• Asynchronous RPC: Client continues immediately after issuing RPC request and receiving acknowledgement from server, it is not blocked. Server sends immediately a reply or acknowledgement to the client the moment RPC request is received Server then calls requested procedure One-way RPC: Client does not wait for even an acknowledgement from server. Reliability not guaranteed as client has no acknowledgement from server. Deferred synchronous RPC is a combination of two asynchronous RPCs, where client polls the server periodically to see whether results are available yet rather than server calling back the client.
  • Slide 17
  • Message-Oriented Communication RPC assumes that receiver process is executing at the time a request is issued Message-oriented communication such as message-queuing systems is therefore needed to allow processes to exchange information even if one party is not executing at the time the communication is initiated. Message-oriented-model (MOM) offered by transport layer, as part of middleware solution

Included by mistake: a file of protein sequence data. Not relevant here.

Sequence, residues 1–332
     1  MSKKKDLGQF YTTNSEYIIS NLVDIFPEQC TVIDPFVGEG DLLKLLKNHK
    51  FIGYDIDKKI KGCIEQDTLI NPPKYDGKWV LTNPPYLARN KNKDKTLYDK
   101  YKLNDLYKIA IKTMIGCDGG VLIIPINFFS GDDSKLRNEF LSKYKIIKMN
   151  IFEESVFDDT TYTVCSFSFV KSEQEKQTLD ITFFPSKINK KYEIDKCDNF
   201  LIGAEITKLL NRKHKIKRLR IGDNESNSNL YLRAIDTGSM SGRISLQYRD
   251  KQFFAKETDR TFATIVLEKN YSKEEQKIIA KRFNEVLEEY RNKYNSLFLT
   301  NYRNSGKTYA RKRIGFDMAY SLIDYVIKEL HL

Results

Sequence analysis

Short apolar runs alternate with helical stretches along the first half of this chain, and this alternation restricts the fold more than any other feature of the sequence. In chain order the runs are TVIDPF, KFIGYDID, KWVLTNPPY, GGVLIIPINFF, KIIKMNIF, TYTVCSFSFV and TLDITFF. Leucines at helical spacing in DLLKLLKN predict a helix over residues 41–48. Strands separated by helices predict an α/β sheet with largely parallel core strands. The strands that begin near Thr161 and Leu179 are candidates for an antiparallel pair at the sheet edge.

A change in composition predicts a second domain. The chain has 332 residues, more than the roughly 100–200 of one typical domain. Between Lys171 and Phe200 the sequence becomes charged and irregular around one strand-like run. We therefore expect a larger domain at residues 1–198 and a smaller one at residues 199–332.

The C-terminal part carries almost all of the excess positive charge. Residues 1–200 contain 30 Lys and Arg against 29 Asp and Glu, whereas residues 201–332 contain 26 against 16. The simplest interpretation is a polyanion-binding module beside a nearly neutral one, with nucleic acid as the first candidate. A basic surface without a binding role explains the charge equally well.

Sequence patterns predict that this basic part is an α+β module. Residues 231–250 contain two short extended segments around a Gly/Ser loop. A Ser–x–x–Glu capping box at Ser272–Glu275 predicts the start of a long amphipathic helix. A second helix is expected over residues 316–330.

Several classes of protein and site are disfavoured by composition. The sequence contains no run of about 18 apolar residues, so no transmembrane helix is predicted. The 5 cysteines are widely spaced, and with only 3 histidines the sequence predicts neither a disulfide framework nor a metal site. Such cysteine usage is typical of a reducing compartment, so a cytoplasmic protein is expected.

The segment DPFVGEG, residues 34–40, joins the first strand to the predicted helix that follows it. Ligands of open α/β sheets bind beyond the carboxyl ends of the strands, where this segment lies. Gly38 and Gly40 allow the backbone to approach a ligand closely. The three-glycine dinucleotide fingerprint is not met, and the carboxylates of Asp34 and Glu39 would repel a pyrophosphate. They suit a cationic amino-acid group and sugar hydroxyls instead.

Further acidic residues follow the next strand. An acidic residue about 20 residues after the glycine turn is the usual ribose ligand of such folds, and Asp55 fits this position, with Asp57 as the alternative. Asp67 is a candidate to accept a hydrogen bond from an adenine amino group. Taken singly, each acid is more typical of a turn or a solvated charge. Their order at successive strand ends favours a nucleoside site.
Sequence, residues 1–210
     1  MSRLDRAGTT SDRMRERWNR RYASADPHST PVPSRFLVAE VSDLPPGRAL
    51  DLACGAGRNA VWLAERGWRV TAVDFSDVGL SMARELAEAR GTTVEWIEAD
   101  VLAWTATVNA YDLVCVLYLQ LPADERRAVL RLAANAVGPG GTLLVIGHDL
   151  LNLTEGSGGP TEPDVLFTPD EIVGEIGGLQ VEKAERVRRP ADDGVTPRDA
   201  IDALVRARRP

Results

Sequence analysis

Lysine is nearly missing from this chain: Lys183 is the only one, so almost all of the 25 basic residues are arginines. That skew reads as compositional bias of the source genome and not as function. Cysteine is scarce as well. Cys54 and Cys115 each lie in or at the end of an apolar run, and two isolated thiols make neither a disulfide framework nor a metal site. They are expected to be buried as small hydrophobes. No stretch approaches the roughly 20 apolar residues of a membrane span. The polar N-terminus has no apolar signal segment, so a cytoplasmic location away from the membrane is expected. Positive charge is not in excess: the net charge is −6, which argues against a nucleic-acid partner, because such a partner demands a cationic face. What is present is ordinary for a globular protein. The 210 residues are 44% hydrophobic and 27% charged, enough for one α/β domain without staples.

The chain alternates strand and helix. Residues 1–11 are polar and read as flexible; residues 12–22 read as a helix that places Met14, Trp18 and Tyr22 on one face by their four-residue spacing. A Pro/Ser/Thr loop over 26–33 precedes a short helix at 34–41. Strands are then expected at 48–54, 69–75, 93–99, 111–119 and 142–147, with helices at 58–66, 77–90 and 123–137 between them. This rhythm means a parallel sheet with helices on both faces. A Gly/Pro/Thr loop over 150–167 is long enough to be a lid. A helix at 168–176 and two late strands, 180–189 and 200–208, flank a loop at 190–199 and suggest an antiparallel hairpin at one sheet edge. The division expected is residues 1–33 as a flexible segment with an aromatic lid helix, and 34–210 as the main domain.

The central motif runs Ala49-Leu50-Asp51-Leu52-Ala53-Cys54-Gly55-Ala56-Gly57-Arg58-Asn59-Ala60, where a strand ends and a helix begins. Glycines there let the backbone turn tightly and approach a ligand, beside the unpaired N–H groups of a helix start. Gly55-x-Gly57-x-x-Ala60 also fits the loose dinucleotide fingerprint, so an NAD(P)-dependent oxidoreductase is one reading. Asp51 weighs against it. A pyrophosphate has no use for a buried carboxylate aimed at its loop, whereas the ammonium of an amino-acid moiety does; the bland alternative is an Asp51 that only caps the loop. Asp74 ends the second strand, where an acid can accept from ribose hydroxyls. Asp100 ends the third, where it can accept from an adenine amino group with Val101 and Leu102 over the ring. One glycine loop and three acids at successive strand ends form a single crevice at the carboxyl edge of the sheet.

• Slide 18
  • Berkeley Sockets Sockets interface introduced in 1970s in Berkeley Unix Standardizes the interface of the transport layer to allow programmers the use of messaging protocols through simple set of primitives Another interface XTI stands for X/Open Transport Interface, also formerly called Transport Layer Interface (TLI) developed by AT&T Sockets and XTI similar in their model of network programming but differ in their set of primitives Socket forms an abstraction over the communication end point to which an application can write data that are sent over the underlying network and from which incoming data can be read. Servers execute the first four primitives in table When calling the socket primitive, the caller creates a new communication end point for a specific transport protocol. Internally, the OS reserves resources to accommodate sending and receiving messages for the specific protocol.